Manufacturers typically list the storage capacity of a fridge measured in cubic feet. In general, 20 cubic feet or more is necessary for a family of four — but this estimate is for a traditional indoor fridge used as your primary place of food storage.
For an outdoor fridge, you may only need 3 cubic feet for storing a handful of beverages. However, some outdoor fridges offer up to 6 cubic feet of storage.
Fridge-only or fridge-freezer combo
If your outdoor fridge will be used for keeping beer cool and nothing else, there’s no need for a freezer. But if you plan to keep frozen meat or ice in your fridge, you will need a freezer compartment. Freezers may be on the bottom, top, or either side of the unit. Consider where your fridge will be placed and which setup will offer the easiest access to frozen goods.
If you plan to store meat in your fridge, it is imperative that the fridge maintains temperatures low enough to prevent your food from spoiling. A fridge that has been UL rated for outdoor use means that it has been tested for safely storing food and beverages.
Built-in or freestanding
Some outdoor fridges are designed to be built into a wall or island. Most models, however, are freestanding and require a certain amount of space on all sides of the fridge for ventilation. You should have a clear idea of where your fridge will be kept and whether a built-in model is right for your outdoor space.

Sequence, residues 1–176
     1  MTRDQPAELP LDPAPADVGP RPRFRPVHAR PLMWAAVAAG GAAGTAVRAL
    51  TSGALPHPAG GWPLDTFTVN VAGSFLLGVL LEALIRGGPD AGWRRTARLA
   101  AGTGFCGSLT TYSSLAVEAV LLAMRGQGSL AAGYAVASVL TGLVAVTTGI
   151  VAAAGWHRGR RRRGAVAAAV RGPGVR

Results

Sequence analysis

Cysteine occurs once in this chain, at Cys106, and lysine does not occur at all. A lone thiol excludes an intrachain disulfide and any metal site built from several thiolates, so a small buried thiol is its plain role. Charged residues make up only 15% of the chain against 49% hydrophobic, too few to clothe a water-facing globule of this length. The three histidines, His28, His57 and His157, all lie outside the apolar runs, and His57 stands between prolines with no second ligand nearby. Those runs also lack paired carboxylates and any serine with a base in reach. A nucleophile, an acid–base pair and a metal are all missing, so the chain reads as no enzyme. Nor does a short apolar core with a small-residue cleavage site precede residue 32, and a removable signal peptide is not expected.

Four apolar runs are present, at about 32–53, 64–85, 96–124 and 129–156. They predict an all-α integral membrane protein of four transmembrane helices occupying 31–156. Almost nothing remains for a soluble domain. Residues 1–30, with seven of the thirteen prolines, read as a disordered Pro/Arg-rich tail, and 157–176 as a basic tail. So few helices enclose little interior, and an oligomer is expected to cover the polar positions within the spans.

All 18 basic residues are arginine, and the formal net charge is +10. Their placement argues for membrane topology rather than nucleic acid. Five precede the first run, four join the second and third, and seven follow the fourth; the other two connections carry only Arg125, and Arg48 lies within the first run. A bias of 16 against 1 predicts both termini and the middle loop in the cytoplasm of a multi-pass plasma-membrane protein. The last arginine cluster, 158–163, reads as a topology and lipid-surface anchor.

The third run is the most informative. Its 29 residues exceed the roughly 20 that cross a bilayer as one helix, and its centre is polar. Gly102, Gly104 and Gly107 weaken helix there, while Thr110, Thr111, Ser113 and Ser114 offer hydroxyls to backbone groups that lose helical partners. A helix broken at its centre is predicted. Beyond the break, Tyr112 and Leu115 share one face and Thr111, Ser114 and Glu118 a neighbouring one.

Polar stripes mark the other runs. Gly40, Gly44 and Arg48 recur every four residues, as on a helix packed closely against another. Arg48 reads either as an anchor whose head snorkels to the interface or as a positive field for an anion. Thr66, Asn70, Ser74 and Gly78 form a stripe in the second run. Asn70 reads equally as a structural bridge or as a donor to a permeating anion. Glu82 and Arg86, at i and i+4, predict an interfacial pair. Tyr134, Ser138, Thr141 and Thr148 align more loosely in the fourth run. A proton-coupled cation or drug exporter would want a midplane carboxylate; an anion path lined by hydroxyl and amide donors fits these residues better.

Once you have narrowed down your search, you should consider what additional features will be convenient or necessary. Some fridges are wheeled, while others are designed to be permanently installed. The configuration of the shelves can affect just how much you can store in your fridge. Extra features like interior lighting can also be useful.
Some outdoor fridges may have wheels that allow you to easily and safely transport the fridge. This is a good option if you only want to have your fridge out and accessible when it is in use and need a way to easily move it from your garage to your patio or porch.
Many outdoor fridges are designed to be permanently installed. Be sure to follow the manufacturer’s recommendations when searching for an appropriate outlet for the unit. Also take note of how much space the fridge needs for proper cooling and ventilation.
Most outdoor fridges have front ventilation, which requires less space around the fridge since air is pushed out of the front of the unit. Rear ventilated units need more space and usually cannot be installed in an island. If you have the space, however, rear ventilation works just as well as front ventilation.
Shelving configuration and materials
While a manufacturer may boast a certain amount of storage, the shelving configuration often limits the actual storage of the fridge. Take note of the setup of shelves and drawers and read customer reviews to get an idea of the actual amount of usable space in a fridge.
Glass and metal are both common materials for shelving. Metal has the advantage of allowing greater airflow and efficiency, but many people prefer the look and feel of glass shelves.
Interior lights are common in larger fridges and allow you to easily see the contents of your fridge, even at night. Since most modern fridges use LEDs, the lights are unlikely to burn out.
The compressor of a fridge is responsible for most of the noise it makes. Take note of the noise level of the compressor (usually measured in decibels, or dB). Expect your compressor to work a bit harder in hot weather, thus producing more noise.